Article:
After all, while the idea was great in concept, it would still cost money to accomplish in practice. Money that we were slowly running out of. When we finally had the Board meeting to discuss the future of the Symphony during the pandemic, I stated very plainly to the Board: “We are hemorrhaging money and will be out of funds by October… but we have a plan.” Our Music Director, Bruce Kiesling, and I then went on to paint this inspiring picture of what Musical Uplink would look like and how it would help transform our institution and brand, and we shared why we believed it would lead to increased income despite being put out there for free. We had no example to show off, but we believed in the vision and sold it through charismatic storytelling alone, tying it directly to our mission. And, thankfully, they were sold. The Board was willing to take this huge risk and commit to spending the rest of our funds in the bank on the production costs in hopes that this bet would pay off.

 And, boy, did it pay off.

Since October 2020, we have released 11 episodes of Musical Uplink that have been collectively viewed over 65,000 times (and counting) across all of our social media channels. Our latest episode, "You Can’t Stop the Beat", was a first-of-its-kind collaboration that involved over 150 members of our community. We have used Musical Uplink to share the spotlight with our community filled with artists, dancers, vocalists, and creative energy. Most importantly, Musical Uplink inspired so many people to give during the 20/21 Season that we saw over $1,000,000 in donations, our endowment more than tripled, and we had our most successful year financially without selling a single ticket.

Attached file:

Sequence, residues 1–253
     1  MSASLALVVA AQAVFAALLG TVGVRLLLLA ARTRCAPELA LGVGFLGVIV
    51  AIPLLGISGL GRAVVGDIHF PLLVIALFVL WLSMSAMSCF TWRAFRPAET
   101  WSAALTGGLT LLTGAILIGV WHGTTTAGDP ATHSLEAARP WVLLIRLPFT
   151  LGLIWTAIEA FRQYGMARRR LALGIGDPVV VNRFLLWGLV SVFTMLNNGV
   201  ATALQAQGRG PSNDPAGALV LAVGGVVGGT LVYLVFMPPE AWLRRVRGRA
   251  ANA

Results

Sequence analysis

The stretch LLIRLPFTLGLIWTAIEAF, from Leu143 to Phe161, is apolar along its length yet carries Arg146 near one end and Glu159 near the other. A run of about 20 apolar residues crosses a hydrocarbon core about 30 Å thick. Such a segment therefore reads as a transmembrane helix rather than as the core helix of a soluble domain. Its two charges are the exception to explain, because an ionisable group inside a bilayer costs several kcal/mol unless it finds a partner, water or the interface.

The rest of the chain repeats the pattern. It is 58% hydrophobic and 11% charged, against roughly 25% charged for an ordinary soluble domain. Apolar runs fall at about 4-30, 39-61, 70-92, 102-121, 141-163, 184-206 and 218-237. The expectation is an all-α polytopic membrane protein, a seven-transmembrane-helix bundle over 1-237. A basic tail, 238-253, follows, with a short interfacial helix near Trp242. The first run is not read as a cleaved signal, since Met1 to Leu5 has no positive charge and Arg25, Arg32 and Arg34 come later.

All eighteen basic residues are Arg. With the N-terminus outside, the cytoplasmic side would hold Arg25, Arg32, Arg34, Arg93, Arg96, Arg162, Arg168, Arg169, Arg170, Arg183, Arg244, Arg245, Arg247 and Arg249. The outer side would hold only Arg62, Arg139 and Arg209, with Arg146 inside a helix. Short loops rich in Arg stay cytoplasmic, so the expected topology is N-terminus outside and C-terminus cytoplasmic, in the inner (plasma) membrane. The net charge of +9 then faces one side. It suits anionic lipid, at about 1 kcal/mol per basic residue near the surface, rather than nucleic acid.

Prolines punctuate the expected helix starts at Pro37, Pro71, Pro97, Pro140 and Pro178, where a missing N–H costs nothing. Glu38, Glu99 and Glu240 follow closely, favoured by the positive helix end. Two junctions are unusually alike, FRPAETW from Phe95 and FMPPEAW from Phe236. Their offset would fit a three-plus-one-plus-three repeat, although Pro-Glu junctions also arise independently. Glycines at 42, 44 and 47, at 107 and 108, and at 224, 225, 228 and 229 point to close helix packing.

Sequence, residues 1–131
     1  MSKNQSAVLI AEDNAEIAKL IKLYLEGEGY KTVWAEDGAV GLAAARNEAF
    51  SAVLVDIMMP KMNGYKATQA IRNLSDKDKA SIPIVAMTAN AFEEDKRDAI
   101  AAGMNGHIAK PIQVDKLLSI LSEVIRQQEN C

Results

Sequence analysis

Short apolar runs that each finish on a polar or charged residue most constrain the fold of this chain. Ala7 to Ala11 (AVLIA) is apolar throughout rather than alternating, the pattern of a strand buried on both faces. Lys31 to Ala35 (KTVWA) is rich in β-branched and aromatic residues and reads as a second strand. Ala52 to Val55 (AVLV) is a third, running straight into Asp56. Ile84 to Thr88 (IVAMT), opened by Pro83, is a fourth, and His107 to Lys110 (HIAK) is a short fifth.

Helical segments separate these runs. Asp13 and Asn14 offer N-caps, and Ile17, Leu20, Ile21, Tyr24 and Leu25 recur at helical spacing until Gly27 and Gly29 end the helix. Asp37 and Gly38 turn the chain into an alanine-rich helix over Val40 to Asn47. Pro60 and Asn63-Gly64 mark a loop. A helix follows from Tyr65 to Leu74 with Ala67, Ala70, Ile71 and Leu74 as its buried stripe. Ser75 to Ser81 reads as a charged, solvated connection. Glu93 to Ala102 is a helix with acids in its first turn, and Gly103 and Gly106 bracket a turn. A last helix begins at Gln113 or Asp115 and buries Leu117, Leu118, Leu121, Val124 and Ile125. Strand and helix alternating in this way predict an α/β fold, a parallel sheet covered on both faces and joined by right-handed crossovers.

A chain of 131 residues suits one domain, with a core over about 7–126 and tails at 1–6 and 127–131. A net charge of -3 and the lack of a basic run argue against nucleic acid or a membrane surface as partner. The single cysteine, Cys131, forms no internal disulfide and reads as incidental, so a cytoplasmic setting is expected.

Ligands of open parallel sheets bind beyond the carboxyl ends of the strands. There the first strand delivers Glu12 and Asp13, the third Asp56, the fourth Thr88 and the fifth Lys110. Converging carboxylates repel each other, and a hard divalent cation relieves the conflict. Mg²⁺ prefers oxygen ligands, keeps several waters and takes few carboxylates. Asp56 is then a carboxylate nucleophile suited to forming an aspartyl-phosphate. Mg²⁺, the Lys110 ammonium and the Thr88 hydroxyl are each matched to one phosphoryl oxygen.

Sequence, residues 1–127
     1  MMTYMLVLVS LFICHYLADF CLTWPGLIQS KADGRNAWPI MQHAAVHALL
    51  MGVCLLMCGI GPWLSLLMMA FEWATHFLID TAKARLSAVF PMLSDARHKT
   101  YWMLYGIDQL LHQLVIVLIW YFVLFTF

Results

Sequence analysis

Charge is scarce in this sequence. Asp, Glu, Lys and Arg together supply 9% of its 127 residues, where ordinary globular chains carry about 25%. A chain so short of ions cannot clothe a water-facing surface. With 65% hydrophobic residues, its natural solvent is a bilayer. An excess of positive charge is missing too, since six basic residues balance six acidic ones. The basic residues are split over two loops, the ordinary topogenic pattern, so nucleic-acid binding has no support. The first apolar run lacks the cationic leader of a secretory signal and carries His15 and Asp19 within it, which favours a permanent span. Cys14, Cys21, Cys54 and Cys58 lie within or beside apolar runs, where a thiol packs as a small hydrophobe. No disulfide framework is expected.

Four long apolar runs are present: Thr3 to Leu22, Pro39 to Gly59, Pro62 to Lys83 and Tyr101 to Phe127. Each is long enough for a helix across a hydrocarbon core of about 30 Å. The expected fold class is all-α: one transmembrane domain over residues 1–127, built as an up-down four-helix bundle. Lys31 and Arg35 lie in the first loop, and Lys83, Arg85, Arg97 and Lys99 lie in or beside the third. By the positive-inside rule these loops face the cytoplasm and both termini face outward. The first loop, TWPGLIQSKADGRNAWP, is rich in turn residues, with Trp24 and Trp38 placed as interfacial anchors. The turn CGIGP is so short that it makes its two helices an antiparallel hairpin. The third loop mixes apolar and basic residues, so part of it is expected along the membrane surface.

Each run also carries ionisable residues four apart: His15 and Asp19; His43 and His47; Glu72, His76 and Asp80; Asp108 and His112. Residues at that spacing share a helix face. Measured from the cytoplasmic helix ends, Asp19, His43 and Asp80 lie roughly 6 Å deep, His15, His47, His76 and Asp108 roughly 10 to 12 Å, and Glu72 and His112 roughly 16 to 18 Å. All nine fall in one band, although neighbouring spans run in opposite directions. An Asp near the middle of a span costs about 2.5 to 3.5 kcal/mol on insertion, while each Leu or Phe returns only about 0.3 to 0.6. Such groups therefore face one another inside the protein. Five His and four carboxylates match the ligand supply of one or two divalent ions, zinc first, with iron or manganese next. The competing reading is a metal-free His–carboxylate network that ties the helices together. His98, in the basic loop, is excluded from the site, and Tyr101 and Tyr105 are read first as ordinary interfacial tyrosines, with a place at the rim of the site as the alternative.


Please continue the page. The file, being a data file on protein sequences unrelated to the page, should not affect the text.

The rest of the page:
Now that we’re back to live concerts, Musical Uplink is still here to stay. We have plans for future episodes and can’t wait to expand on the success of these videos. We took a calculated risk and bet big with Musical Uplink and will be reaping the rewards for seasons to come. If you take nothing else from this story, I just want to encourage you to put your mission first and don’t be afraid of betting big once in a while. I believe that if we’re not moving forward as an institution, we might as well not be moving at all. So take a risk once in a while if it has the potential to help you grow and impact your mission in a new and exciting way. After all, some things are worth the risk.

About the Author: Executive Director of the Sequoia Symphony Orchestra since 2017, Joshua Banda is passionate about music, people, and also proving people wrong (in a good way). He’s always looking ahead at the bigger picture and loves a good challenge. Constantly asking questions, growing, and never settling with the status quo, he has helped the Sequoia Symphony increase ticket sales, donations, and reach in the community. A musician himself with over a decade of retail management experience, his position as Executive Director gives him the opportunity to bring his personal passions and professional experience together harmoniously in the challenging world of non-profits.

About our Guest Blog Series: ACSO's membership network is full of incredible people with a wealth of life experiences, talents, and diverse perspectives and backgrounds. We want to share their insights, points of view, and wisdom with all of you, as well as raise the voices of individuals who are making a difference for the classical music field. Our guest blog series features people from different communities throughout California and the western region, from different sizes and types of classical music organizations, and with different jobs and responsibilities. They share what they have learned, express their opinions about the sector, and ask challenging questions that will help us shift our thinking and be better advocates for this art form that we all love.